Antibiotics to prevent infection and pain medication to relieve post-op discomfort are the 2 most commonly prescribed medications for pets after surgery. If your pets are anxious or high-strung your vet may also prescribe a sedative or anti-anxiety medication to help keep them calm while they are healing.
Home remedies aren't recommended, however, if there is a remedy that you would like to use to help your pet feel better, call your vet to ask if the ingredients are safe for pets. Never give human medications to your pet without consulting your veterinarian first. Many drugs that can help humans to feel better are toxic to pets.
Keeping Your Dog Comfortable When They Get Home
After your pet has had surgery it is important to provide them with a comfortable and quiet place to rest, away from children and other pets. If your pet typically curls up on a small bed to sleep you may want to invest in a larger bed so that the incision site isn't pulled. Allowing your pet to stretch out, so there’s no extra pressure on any bandaged or sensitive parts of their body, may help your pet to feel better after surgery and may even help them to recover more quickly.
Restricting Your Pet's Movement
Regardless of why your pet is having surgery, it is likely that your vet will recommend limiting your pet's activities and movement for some time following the operation. Sudden stretching and jumping movements can interfere with the healing process and may even cause the incision to reopen.
Most surgeries fortunately will not require significant confinement such as complete ‘crate-rest’ to aid in recovery, and most pets cope well with being kept indoors for a few days (with only essential trips outside for potty breaks). Often, a more difficult task is preventing your pet from jumping up on furniture that they love to sleep on, or climbing stairs. Preventing these behaviors for a few days may require confining your pet to a safe and comfortable room when you are unable to supervise them directly.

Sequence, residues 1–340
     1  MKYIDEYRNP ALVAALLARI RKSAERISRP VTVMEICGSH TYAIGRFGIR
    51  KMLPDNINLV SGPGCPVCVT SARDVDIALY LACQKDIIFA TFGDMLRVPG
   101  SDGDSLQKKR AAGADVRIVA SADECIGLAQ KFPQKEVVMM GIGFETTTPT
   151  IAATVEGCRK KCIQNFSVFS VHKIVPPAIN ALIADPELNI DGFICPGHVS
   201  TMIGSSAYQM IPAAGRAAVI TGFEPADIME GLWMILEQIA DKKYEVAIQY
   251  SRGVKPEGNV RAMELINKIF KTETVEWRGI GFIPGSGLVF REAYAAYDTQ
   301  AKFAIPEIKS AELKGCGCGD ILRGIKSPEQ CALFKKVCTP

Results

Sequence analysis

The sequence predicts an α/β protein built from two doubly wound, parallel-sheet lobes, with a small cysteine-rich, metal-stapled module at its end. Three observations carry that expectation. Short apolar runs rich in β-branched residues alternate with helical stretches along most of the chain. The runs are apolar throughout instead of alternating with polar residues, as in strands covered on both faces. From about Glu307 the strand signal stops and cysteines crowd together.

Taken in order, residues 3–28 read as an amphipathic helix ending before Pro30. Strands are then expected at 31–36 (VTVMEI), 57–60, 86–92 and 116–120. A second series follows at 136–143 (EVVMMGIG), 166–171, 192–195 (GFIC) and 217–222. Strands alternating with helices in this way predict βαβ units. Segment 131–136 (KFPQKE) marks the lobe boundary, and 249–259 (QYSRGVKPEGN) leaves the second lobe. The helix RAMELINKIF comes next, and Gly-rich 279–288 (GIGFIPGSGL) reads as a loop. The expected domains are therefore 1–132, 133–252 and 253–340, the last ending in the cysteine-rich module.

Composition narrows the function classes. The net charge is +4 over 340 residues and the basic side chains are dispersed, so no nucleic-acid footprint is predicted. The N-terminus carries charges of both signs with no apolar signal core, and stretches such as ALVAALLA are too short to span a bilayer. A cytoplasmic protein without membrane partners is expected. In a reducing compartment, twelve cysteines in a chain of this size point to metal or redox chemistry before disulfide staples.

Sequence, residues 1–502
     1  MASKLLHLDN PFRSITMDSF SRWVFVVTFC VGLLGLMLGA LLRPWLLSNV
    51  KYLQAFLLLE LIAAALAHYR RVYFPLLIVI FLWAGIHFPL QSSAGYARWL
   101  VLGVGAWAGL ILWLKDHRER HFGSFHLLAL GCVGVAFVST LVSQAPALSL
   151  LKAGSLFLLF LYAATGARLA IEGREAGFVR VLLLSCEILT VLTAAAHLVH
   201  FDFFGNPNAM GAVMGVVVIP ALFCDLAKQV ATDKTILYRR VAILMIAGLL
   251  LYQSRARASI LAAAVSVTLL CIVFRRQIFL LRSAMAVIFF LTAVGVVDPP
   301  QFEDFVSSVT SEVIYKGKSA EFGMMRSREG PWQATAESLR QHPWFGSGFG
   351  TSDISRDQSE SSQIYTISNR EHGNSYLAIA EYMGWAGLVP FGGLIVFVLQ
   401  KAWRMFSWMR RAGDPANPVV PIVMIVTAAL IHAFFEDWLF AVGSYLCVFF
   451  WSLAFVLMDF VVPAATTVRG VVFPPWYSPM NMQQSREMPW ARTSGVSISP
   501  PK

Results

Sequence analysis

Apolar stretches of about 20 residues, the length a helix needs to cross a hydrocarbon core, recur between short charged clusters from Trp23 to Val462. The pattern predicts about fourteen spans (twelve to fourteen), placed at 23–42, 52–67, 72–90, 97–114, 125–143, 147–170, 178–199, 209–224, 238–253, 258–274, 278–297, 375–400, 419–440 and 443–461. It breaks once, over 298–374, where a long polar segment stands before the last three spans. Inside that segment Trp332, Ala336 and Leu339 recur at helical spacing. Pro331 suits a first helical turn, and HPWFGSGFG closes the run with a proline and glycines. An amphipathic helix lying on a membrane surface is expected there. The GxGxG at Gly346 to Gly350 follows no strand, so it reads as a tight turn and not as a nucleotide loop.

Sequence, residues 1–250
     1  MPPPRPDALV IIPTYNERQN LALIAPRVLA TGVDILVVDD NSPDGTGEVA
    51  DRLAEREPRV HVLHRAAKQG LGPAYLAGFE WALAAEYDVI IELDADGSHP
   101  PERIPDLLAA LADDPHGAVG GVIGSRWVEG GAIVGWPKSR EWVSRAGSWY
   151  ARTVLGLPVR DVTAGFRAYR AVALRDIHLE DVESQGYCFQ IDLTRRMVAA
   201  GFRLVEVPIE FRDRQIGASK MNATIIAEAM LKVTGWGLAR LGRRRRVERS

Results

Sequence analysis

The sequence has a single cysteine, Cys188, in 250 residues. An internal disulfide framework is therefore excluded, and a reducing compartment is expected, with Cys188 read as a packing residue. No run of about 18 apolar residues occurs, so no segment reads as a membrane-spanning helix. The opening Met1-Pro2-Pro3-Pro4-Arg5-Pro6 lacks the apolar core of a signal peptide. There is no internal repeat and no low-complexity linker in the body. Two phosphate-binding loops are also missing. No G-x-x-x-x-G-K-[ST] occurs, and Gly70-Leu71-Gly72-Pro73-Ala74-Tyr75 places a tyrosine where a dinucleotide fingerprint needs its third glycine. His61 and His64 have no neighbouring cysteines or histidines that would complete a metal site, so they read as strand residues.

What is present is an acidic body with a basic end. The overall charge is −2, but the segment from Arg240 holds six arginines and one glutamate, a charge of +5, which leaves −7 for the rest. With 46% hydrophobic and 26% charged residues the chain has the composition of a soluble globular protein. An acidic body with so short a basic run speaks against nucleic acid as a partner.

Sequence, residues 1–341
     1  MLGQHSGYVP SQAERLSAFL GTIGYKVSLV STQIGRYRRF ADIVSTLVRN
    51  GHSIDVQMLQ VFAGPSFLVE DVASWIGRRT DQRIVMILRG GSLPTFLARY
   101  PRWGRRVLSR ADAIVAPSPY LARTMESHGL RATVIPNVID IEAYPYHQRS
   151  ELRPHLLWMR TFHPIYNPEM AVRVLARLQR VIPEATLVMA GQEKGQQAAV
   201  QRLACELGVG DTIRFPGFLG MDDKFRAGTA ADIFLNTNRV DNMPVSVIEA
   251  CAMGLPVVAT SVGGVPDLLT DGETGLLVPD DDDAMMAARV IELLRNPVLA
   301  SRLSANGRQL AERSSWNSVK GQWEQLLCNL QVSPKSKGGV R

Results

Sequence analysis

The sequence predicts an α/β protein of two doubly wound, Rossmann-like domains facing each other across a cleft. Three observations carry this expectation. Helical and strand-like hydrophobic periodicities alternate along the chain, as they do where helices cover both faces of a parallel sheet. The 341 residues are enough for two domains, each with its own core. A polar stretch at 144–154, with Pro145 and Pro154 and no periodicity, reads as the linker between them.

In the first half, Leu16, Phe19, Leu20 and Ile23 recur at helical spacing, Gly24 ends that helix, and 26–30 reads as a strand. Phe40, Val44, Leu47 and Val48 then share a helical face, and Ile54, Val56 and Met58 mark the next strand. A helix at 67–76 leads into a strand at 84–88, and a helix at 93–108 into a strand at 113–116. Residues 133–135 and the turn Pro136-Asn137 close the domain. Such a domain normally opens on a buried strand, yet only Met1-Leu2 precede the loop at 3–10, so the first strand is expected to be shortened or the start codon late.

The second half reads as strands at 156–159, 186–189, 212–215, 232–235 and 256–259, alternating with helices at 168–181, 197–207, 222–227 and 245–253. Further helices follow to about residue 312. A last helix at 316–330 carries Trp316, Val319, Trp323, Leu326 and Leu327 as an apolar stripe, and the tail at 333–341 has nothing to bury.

Helping Your Pet When Cage-Rest is Required
That said, orthopedic surgeries often require strictly limiting your pet’s movements for a good recovery. If your vet recommends crate rest for your pet following surgery, there are ways to help your pet adjust to this strict confinement and help them to get more comfortable with spending long periods in a crate.
Make sure that your pet's crate is big enough to allow your pet to stand up and turn around. If your pet requires a plastic cone or 'E-Collar' to prevent licking, you may need to purchase a larger crate for your pet to recover. You will also need to ensure that there is plenty of room for food and water dishes, without risking spills that can cause your pet's bedding and bandages to become soiled and wet.
Caring for Your Pet's Incision Site
It can be challenging to prevent your pet from biting, chewing, or scratching at its bandages or incision site. A plastic cone-shaped Elizabethan collar (available in hard and softer versions) is an effective way to prevent your pup from reaching the wound. Dogs can often adjust to wearing a cone collar within a couple of hours, but if your pet is struggling to get used to wearing a cone, there are other options available. Speak to your vet about effective and less cumbersome options such as donut-style collars, or post-surgery jumpsuits (medical pet shirts).
Your Pet's Stitches
Stitches or staples will typically be removed by your vet around 10 - 14 days after surgery. Depending on the surgery so vets may use stitches placed inside of your pet's wound which dissolve as the incision heals. Your vet will let you know which type of stitches were used to close your pet's incision.